The state of Tennessee has lifted the stay-at-home orders inmost areas, and the weather is heating up. Pools are opening here in Murfreesboro, and the lakes are overflowing with people going outside to rediscover a sense of normalcy here in Middle Tennessee. However, frequent water activities and humidity can lead to an increase in water related ear infections.
The type of ear infection that can present when habitually around water or humidity is called otitis externa, or more commonly, swimmer’sear. Otitis externa simply refers to the inflammation of the outer ear, which can include the ear canal or auricle. Children ages 5-15 have the highest likelihood of developing swimmer’s ear, but persons of any age can be affected. Signs and symptoms include pain,drainage, itching of the ear, and decrease in hearing. The ear has several inherent defense mechanisms to protect itself, including hair follicles and cerumen (ear wax). Cerumen is important because it is an acidic medium that helps inhibit the growth of both bacteria and fungus. Water or excess moisture leads to cerumen breakdown which changes the flora and acidity of the ear canal, making it more susceptible to infection. Frequent water exposure is the most well-known risk factor for swimmer’s ear infections, but anything that causes cerumen destruction or trauma to the ear canal can also stimulate an infection. Therefore, Q-tip use is discouraged!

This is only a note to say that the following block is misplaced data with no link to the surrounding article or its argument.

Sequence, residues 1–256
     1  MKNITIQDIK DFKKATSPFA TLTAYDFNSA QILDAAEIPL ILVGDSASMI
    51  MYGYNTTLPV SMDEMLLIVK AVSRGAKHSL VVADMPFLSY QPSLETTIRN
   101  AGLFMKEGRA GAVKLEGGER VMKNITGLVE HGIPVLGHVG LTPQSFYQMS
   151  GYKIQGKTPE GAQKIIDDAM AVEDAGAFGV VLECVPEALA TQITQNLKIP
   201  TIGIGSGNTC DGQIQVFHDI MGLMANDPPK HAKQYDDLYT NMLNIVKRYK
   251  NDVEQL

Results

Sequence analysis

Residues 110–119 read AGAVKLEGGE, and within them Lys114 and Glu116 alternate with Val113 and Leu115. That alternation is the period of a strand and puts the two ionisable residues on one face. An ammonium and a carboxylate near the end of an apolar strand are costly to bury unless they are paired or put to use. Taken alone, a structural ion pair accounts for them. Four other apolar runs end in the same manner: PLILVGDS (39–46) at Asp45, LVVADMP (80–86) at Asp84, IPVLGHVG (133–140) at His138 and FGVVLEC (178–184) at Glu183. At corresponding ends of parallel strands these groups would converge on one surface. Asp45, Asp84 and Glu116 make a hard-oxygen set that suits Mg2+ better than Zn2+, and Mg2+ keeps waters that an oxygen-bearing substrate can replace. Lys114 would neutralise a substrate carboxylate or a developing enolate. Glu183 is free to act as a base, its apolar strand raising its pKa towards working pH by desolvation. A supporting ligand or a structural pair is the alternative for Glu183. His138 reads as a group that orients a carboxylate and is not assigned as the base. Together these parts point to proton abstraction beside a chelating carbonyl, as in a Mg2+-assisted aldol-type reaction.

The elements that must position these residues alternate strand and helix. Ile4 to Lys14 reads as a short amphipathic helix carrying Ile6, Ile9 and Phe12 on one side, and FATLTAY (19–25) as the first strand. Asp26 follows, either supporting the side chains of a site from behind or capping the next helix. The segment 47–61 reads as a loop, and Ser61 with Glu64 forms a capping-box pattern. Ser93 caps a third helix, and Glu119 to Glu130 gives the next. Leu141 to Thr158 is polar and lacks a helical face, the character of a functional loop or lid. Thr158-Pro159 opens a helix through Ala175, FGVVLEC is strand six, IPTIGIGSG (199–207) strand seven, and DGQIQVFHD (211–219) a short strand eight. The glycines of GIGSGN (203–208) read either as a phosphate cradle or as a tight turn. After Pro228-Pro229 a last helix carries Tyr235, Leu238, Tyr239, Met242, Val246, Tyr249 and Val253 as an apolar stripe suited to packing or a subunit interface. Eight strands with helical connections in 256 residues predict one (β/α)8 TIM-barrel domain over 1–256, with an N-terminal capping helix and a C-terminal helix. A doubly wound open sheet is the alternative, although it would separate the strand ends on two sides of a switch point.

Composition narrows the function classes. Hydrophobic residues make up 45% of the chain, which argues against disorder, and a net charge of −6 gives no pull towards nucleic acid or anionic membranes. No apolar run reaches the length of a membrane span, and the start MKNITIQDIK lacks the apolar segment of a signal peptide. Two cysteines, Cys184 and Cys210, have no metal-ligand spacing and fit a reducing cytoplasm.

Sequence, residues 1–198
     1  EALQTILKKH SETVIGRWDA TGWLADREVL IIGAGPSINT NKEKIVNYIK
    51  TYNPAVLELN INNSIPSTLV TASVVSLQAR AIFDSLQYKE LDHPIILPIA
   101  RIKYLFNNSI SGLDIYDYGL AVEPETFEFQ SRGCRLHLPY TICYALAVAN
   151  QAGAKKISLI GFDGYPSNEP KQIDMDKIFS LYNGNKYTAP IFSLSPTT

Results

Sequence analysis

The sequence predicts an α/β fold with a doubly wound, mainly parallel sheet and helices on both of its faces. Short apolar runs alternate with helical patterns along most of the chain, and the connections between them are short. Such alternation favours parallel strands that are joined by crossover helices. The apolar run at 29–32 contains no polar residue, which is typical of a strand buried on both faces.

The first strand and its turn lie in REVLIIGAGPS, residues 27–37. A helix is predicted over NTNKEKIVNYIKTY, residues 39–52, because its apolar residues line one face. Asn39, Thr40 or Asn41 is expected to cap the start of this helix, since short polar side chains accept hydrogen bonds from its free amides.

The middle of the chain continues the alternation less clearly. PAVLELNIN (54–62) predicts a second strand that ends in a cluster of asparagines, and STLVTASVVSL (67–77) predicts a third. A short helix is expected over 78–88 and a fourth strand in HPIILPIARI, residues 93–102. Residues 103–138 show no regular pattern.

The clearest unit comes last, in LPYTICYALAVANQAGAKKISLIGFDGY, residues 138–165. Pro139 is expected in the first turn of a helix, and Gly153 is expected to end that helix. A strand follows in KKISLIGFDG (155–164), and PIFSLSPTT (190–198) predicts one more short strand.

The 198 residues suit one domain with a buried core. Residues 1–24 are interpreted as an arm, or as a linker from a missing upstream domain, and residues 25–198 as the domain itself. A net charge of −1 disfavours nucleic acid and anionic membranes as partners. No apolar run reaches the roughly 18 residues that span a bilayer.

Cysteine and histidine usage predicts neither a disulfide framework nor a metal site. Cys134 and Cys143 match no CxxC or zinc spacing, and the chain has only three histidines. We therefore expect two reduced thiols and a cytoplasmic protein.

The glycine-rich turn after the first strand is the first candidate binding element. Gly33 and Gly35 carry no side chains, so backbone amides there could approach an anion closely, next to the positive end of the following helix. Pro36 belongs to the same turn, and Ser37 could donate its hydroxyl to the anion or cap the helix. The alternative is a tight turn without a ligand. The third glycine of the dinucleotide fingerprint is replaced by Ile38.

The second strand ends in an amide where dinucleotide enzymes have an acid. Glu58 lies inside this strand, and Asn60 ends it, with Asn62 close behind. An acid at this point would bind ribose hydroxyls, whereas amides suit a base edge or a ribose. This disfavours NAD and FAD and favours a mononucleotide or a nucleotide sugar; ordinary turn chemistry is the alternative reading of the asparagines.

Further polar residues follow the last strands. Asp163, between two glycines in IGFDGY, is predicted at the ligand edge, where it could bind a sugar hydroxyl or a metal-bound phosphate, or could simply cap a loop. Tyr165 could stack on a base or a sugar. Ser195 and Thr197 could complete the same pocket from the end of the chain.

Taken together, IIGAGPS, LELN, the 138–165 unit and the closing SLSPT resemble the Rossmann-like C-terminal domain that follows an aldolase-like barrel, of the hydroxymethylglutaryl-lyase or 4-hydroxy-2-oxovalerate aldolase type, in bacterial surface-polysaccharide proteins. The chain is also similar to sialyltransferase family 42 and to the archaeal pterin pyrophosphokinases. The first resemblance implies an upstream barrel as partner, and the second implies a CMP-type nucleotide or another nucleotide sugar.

The most common causes of a swimmer’s ear infection are bacterial, fungal or dermatologic (i.e. related to skin conditions). Each of these types of infections is treated differently, and therefore requires a thorough ear, or otoscopic, examination for differentiation. The otoscopic examination is also important to assess for other possible diagnoses like otitis media and tympanic membrane perforation. Some mild forms of otitis externa with only mild drainage and swelling may only require antibiotic ear drops for treatment. Other more severe infections that severe pain, edema, and hearing loss may need more extensive cleaning, a wick to relieve an occlusion, an ear culture, or even a hearing test.
All our providers at Murfreesboro Medical Clinic ENT are specially trained to diagnose and treat these ear infections, so if you need our services feel free to call and arrange an appointment.
Recommended at home treatment and prevention for swimmer’sear:
- Dry ears out with hairdryer after swimming
- Consider fitted ear plugs for swimming (can be fitted for you at your Murfreesboro Medical Clinic ENT appointment)
- Homemade ear drops with half rubbing alcohol, half vinegar can help to evaporate water in the ears and prevent a swimmer’s ear infection
- If a perforation (hole in the eardrum) or ear tubes are in place, consult with your Murfreesboro Medical Clinic ENT doctor before using ear drops
- Do not use q tip or other foreign bodies to clean ear wax
Chad Richardson, FNP-C - MMC Comprehensive ENT Specialists
Chad Richardson moved to Rutherford County to attend college at Middle Tennessee State University in 1999. He currently lives in Murfreesboro with his family, including his daughter and son. His interests include hiking, baseball, hunting, fishing, and golf.
Chad studied nursing, and received his bachelor's degree from Middle Tennessee State University in 2004. While completing his bachelors he began his MMC journey by working in the Pediatric department. After graduation he then left the clinic to work in Vanderbilt Pediatric Emergency Room. After 3 years away from the clinic he then returned to work at MMC in 2007 and worked both in the PACU and OR in the SurgiCenter. While working in the SurgiCenter, he then completed his master's degree studies from Tennessee State University, and became a board certified nurse practitioner in 2018.